Discussing Politics in the Workplace
As Americans, we hold firmly to the idea that we can say what we like, when we like and to whom we like. Wrapped in our constitutional right to "freedom of speech," we have no qualms about sharing our personal views with our friends, family, neighbors and co-workers. We all have our opinions, and it's our right express them.
That's all true, but it doesn't eliminate a company's right to define the kinds of conversations that are appropriate (or not) in the workplace, or to discipline employees for offensive comments made at the office. During this contentious election year, it's important for employees and employers to know their rights and responsibilities when it comes to discussing politics during work hours.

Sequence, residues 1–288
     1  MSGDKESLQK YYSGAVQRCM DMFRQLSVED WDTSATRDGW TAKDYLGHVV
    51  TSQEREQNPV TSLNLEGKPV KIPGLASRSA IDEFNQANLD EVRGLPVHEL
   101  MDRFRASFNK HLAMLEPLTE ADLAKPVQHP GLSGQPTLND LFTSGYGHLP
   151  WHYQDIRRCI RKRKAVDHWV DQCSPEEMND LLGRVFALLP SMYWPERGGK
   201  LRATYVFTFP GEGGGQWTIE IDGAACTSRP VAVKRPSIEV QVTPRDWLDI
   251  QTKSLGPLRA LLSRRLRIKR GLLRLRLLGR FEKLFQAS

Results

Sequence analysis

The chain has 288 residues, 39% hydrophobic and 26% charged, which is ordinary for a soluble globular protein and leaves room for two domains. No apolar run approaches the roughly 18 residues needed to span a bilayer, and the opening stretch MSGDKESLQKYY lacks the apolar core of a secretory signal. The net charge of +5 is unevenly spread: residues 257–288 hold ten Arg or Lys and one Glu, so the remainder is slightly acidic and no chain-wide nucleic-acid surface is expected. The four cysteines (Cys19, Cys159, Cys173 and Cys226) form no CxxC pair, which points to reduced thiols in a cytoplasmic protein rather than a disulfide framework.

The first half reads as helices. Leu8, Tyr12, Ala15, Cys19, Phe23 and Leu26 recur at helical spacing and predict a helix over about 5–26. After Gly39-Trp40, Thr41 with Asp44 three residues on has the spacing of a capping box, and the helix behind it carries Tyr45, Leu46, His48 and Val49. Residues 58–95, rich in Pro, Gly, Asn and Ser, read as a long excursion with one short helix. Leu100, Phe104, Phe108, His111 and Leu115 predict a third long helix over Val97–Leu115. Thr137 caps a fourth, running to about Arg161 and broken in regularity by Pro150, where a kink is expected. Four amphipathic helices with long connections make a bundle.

The constitutional right to freedom of speech means the government can't stop an individual from speaking his or her mind. But within the confines of the workplace, a private employer certainly can. While a private employer may not want to broadly prohibit discussions about important issues, there sometimes can be a thin line between friendly debate and potential legal problems.
But this doesn't mean a company needs to squelch all political talk. It simply means the employer should communicate to employees the expectation that everyone in the workplace conduct himself or herself in a professional, respectful manner.
This article appeared in the April 2012 issue of Think Bigger Business.